Alcohol is addictive

Alcohol (ethyl alcohol) is a simple chemical that can cause significant changes in the complex functions of the human brain and body. Because it causes these changes, alcohol is a highly addictive substance. 

Kyra Wilians -

Imagine as a child that you saw your parents partake in eating a sandwich that they knew could be poisoned. The sandwich was harmful to their bodies, to their mental health, it caused some of those parents to be violent. It caused some of them to sometimes vomit or pass out. It made some of them so ill that sometimes they couldn’t get out of bed. The sandwich sometimes made your parents happy. It made them forget the trauma that the sandwich has caused, so they carried on eating it. Then imagine that for your 18th birthday, you were expected to also eat the sandwich. But not just one, two of them. Because, it’s your 18th and if the sandwich made you ill, then that is okay, it’s a rite of passage.

It’s obvious I am not talking about a sandwich, I am talking about alcohol, but by changing it to a sandwich it sounds ridiculous. But this is what we are fed from an early age. That it is a rite of passage and just something we will participate in. What isn’t conveyed to us quite so forcefully is that it is also an extremely addictive substance. Its very core is addictive. We all take a huge risk by even taking that first sip. We might be lucky and millions are. They can drink alcohol and take it or leave it. But some of us aren’t lucky. We become addicted, there are lots of reasons why this happens to some and not others. But how do we know which one we will be?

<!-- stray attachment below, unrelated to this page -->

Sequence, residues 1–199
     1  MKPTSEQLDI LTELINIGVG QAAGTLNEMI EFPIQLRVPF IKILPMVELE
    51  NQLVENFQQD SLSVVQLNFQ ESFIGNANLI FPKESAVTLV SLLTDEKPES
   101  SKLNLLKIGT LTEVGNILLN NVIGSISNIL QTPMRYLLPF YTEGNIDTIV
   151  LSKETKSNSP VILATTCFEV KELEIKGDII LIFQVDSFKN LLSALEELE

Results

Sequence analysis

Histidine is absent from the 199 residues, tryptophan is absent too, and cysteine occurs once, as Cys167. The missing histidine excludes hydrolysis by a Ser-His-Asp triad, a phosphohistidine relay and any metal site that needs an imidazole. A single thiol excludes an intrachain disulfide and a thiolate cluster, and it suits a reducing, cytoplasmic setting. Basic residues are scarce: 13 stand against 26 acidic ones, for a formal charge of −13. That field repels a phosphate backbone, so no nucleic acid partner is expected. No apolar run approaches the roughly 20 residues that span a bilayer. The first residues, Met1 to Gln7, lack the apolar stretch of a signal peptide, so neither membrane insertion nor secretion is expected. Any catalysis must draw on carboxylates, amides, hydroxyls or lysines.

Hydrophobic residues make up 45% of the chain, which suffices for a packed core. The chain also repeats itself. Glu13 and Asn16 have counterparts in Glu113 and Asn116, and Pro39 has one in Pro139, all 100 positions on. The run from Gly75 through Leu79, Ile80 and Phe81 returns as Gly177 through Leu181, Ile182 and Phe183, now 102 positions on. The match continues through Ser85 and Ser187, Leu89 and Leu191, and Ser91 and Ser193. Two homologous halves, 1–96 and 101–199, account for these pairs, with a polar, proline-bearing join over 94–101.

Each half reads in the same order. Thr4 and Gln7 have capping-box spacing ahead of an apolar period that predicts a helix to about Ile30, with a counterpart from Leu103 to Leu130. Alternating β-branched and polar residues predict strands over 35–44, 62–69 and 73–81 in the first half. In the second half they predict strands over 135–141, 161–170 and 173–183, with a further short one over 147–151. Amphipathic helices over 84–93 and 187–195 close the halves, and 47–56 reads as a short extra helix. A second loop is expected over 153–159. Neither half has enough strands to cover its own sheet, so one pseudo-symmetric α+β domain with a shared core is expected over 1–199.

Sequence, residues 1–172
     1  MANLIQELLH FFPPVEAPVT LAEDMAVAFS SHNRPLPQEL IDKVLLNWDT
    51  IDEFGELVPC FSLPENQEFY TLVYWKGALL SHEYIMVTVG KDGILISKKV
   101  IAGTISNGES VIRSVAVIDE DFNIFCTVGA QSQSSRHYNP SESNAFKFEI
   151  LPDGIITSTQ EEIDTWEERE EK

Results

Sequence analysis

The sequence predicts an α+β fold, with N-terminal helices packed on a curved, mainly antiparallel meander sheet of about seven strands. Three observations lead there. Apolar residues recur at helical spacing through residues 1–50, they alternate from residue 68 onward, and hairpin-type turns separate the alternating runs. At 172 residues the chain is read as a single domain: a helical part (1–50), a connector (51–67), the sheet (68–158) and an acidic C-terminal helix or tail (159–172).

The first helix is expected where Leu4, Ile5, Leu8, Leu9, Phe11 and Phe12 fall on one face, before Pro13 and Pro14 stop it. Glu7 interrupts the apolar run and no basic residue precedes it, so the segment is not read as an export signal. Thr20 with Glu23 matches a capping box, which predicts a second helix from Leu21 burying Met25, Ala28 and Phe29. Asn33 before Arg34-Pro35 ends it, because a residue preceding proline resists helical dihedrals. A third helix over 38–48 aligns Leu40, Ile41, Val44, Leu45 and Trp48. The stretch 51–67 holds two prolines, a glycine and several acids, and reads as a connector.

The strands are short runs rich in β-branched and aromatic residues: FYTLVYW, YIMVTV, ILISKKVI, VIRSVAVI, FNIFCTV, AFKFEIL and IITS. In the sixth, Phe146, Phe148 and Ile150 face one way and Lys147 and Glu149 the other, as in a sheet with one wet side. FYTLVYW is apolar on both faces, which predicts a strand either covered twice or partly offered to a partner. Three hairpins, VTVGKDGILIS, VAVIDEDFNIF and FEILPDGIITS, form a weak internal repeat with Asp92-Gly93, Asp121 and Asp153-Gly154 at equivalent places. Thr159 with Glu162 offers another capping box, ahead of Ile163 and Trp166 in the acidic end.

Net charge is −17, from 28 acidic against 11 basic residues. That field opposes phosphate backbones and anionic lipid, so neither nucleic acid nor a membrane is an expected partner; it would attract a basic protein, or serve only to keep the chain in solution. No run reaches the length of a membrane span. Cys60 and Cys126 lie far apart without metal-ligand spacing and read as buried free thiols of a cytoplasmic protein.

And if we don’t know which one we will be, why should we feel ashamed that something that has been rammed down our throats our entire life as part of normal life, that is known to cause addiction has led to us being addicted! It’s Russian roulette and some of us sadly got the bullet.

Killing the shame of our drinking

The shame that we feel about past behaviours will never entirely go away. If we want to stay sober then it mustn’t. We must remember our past because that will stop us from recreating that behaviour in our future. Shame thrives when it is hidden. It grows and grows and becomes all-encompassing and stops us from moving on or asking for help.

We don’t need to talk about every shameful thing we ever did, but we do need to talk about our shame and our relationship to alcohol. When we talk about alcohol to like-minded individuals, we find that other people also fell into the trap that is addiction, then our shame can start to dissipate. We must never forget the place we were, but we are no longer there and we must forgive the person we were then to move on.

Big alcohol must take responsibility too

I want to end here by placing some shame on those that provide and profit from this addictive substance. Alcohol companies have created wonderful brands, their packaging is impeccable and I believe that they must employ some of the best and most creative marketeers in the industry. We are warned to ‘drink responsibly’ therefore absolving them of any shame or blame if we become addicted. It must be that we didn’t drink responsibly, yes? Wouldn’t it be more appropriate to place a warning similar to what we have on addictive medication? That alcohol may cause addiction? I feel that could go some way to removing some of the shame that we feel around becoming addicted to alcohol.

I would love to hear your thoughts.

Much love,

B xxx

4 thoughts on “SHAME – how it traps you in addiction

  1. So much hidden shame around alcohol addiction….and society is led to believe that it’s somehow the addicts fault, not the addictive substance, highly promoted, encouraged and legal!!! I could go on. I wrote something around it for the magazine. It makes me mad really!!

    Liked by 1 person